There has been a lot of talk about bubbles lately because of the incredible prices bitcoin, ethereum, stocks and real estate in some markets.
Cryptocurrencies are definitely in a bubble right now, bitcoins were trading at $2,561.94 and ethereum was fetching $193.96 a unit on the morning of May 25, 2017. Litecoin might also be beginning to bubble its price went up to $32 on the same day.
Bitcoin’s ascent has been incredible; Coinbase calculated that a bitcoin’s increased by $2,035.49 between May 25, 2016 and the same day in 2017. Ethereum’s increase is also astounding just four months ago on February 24, 2017; a unit of Ether was trading at $13.30.
Such price gains definitely indicate a bubble, but how do bubbles work, and more importantly how can one tell when they are about to burst. The best way to get a better understanding of bubbles is to clear up some of the myths about them.
A Few Important notes about Bubbles
A few things you should know about bubbles include:
- Bubbles are not always based on hype and hot air. History shows us that bubbles can be based on real assets or technology. Amazon (NASDAQ: AMZN) stock is in a bubble, (trading at $997.85 a share on May 25, 2017) but the company is making a lot of money. It reported $16.81 billion in cash from operations on March 31, 2017.
- Sound assets or stocks are just as likely to bubble as bad ones. This occurs because bubbles are based on emotions not on logic.
- Bubbles can go on for a long time; the Australian real estate bubble started in 2001 and it is still going strong. The present U.S. stock market bubble started in 2009 and shows no sign of ending.
- It is almost impossible to predict when a bubble will burst. Analysts have been predicting the bursting of the Australian property bubble for years but it keeps rising.
- Stupid money always comes in close to the top of the bubble. This occurs because people become afraid that they are missing the good thing. Cryptocurrencies seem to be at this stage of bubble right now.
How will the Bitcoin Bubble End?
Today’s bitcoin frenzy reminds me a great deal of the tech bubble of the late 1990s. A lot of the companies and technologies involved are sound but they’ve been greatly overhyped.
Crytpocurrencies; like the internet in the 1990s, are a great technology with a bright future but people are being over optimistic. Just as it took 20 years for online retail to mature and go mainstream, so it will take 10 to 20 years before cryptocurrencies truly go mainstream. Expect a lot of ups and downs between now and then.
My prediction is that both bitcoin and ethereum will take a big fall real soon. Wait until that happens and buy because they will come back. The technology is good but it is grossly overpriced.
This brings me to the most important rule of investing look at the actual investment not the behavior of the market. Remember Mr. Market is insane, never trust him and always question his actions.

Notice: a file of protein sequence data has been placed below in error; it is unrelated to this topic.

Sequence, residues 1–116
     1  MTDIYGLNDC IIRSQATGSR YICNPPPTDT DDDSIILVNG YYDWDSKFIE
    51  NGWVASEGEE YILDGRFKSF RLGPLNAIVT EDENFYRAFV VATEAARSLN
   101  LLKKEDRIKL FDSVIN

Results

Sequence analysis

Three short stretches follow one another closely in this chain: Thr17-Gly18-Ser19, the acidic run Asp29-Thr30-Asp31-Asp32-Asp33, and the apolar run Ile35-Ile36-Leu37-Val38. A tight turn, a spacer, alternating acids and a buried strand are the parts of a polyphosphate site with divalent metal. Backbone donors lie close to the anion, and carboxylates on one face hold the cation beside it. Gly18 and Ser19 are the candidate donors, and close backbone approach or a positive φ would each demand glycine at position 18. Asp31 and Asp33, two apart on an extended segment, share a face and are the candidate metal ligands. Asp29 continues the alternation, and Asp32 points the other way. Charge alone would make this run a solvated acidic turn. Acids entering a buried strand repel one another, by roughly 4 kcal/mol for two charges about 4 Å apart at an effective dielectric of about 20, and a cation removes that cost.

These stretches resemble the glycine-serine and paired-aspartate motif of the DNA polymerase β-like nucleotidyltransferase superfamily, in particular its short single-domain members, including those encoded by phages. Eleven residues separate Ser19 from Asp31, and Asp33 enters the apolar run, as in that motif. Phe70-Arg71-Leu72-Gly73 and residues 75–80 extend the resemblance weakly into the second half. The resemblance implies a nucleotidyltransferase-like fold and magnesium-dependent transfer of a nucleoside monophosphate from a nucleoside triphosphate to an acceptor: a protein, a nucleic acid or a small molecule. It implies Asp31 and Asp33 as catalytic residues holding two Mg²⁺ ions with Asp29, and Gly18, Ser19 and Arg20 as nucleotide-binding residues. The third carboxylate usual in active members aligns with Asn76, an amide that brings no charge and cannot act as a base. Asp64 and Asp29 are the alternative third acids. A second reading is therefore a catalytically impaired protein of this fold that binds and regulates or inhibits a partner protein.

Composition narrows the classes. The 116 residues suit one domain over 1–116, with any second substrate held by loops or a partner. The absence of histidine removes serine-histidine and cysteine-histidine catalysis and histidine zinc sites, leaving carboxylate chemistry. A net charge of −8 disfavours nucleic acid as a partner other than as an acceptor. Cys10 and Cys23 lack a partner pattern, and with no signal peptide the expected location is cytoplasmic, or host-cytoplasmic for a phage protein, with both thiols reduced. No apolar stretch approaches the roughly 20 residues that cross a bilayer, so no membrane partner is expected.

A Good Rule of Investing and Beware of CEOS
Another rule of investing, I’m considering involves CEOs and other corporate leaders. It is if you know the name of the company’s CEO seriously consider selling the stock. Chances are if you know the CEO’s name; it is because he or she is in the news, and that news is probably bad.
This rule is based on one of Warren Buffett’s most famous pieces of advice, which is explained in this Business Insider article. Back in 2010 Uncle Warren summed it up well in this statement to the Financial Crisis Inquiry Commission:
“I knew nothing about the management of Moody’s,” Buffett admitted. “The — I’ve also said many times in reports and elsewhere that when a management with reputation for brilliance gets hooked up with a business with a reputation for bad economics, it’s the reputation of the business that remains intact.”
“If you’ve got a good enough business, if you have a monopoly newspaper, if you have a network television station — I’m talking of the past — you know, your idiot nephew could run it,” Buffett said. “And if you’ve got a really good business, it doesn’t make any difference.”
Always keep this in mind when you hear about a genius or visionary CEO. It is entirely possible that the celebrity chief executive is an idiot; or a dullard, who is simply lucky enough to be in the right business at the right time. For example Jeff Bezos’ success might stem from the availability of technology and business conditions that make ecommerce profitable right now, rather than his brilliance.
The lesson here is that companies are not football teams, good ones can flourish without star players or great coaches. Always look at the business not the person riding around in the corporate jet.
Remember you are buying stock in a company not in a person. That person might be gone tomorrow; and if the company cannot get by without him or her, it is a bad investment.